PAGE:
My use of Large Format Portraits started during my years as a fashion photographer. Bringing the camera along afforded me the oppurtunity to use it to document the models. As this was a costly side-hobbby I soon switched to using papernegatives.
Paper Negatives have a series of problems associated with it. It first and biggest issue is the fact that it has a very low light sensitivity of ISO 5. That means I could usually not use my current light set up as used for the digital fashion images and I started working with long exposure and natural light.
The different paper can also make a massive difference. Due to the fact that I have a home darkroom I can develop all the images myself. Direct Positive paper like the image above give a completely different feel than those made using normal photographic paper.
The increase in grain can have beautiful effect but it can cause problems in very low light and I have found that it was safer to use Direct Positive paper on an ISO of 3. Further complications occur as normal photographic paper and direct positive paper react slightly different blues and deep reds.
Being in a few group exhibitions with artists led me to the progression of using my large format methods to capture portraits of said artists. The idea is always that I go to the home studio of the artist and capture them in studio. This has led me to the studios of sculptors, painters and land-artists in the last few years
This leads to interesting excursions as the studio can change from one artist to the next. Some artists work in massive studios with interns running around everywhere, with lots of natural light. With my camera set-up taking a while the artist usually relaxes in front of the camera. I am not a believer in the Avedon principle of making the portrait a tortuous session but I also do not take happy snaps and try to portray the artist as themselves and not the person they claim to.
Most artists work in cramped little studios where the light is usually single-directional with no real space for my camera. Using an ISO of 5 means that any small movements can lead to large movement blurs. I use this in some of the images to portray the artist in action.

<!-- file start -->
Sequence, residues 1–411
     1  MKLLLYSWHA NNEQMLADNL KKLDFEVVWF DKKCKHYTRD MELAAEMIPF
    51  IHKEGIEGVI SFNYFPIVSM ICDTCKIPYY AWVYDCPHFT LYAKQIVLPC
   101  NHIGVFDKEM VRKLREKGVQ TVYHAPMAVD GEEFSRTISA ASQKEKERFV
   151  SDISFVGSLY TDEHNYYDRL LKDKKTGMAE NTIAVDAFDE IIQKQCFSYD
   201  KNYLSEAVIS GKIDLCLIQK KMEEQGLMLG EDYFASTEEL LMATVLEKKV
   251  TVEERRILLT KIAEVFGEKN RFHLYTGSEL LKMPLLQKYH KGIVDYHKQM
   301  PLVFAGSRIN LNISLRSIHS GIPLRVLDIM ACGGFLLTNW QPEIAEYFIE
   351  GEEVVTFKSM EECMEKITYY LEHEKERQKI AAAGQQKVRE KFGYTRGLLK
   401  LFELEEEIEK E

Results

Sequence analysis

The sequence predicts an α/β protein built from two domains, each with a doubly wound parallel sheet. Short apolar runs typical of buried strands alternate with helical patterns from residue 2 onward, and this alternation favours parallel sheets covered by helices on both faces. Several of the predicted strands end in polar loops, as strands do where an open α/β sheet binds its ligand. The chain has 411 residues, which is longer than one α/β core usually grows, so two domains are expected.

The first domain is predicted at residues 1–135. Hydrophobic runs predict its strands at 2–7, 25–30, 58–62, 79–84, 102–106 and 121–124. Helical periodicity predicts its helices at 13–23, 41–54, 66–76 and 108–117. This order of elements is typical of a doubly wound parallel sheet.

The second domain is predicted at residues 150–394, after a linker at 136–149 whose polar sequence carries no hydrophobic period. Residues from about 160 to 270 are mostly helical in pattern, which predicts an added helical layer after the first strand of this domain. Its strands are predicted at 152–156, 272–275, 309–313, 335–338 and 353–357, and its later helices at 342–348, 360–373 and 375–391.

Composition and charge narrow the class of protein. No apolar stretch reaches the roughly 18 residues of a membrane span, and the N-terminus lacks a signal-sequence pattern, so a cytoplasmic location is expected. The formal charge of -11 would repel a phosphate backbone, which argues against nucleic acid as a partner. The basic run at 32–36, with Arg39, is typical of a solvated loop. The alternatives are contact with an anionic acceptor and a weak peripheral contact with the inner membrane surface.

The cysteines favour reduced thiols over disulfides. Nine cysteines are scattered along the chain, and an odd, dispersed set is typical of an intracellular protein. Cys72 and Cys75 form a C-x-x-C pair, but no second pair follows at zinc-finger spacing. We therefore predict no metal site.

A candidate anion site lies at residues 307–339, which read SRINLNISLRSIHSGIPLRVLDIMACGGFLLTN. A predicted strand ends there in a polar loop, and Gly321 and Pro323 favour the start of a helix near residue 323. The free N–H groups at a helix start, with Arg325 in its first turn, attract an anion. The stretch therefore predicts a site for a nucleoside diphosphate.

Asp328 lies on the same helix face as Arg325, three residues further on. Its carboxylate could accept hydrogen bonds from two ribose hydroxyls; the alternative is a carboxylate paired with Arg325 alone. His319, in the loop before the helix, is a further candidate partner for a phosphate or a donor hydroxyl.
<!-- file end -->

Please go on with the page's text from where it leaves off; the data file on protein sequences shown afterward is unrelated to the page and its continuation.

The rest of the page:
I approach these photos with an open attitude. I usually try to take the artist with some of their work in the background as it gives you a bit of background and some more points of interest. The large format camera also forces me take things slower. It is a slow process to set up the camera and is usually accompanied by a host of questions from the subject about the camera. What the camera therefore does is break the ice.
Sometimes the artist studios can not be used. Pictured above is land artist Strijdom van der Merwe. For a land artist the studio would have been the complete wrong place to shoot. This leads me to sometimes take some of the images outside which also has a lot of challenges.
Dept in background can be an issue and sometimes you end up with busy or noisy backgrounds. Switching locations like this offers me the oppurtunity to bring something different to every image in an attempt to tell something that represents the artist in that moment, even if it is just a fraction of a second.
Paper negatives also have interesting effects on them as the exposure times gives strange artifacts on the paper. Its inherent sensitivity to blue and insensitivity to red can also make images complicated. Light blue eyes as seen in sculptor Adriaan Diedericks, come out white while anything red will come out as black. This leads to more forethought when it comes to lighting and colour used.
Artist Marie Rabie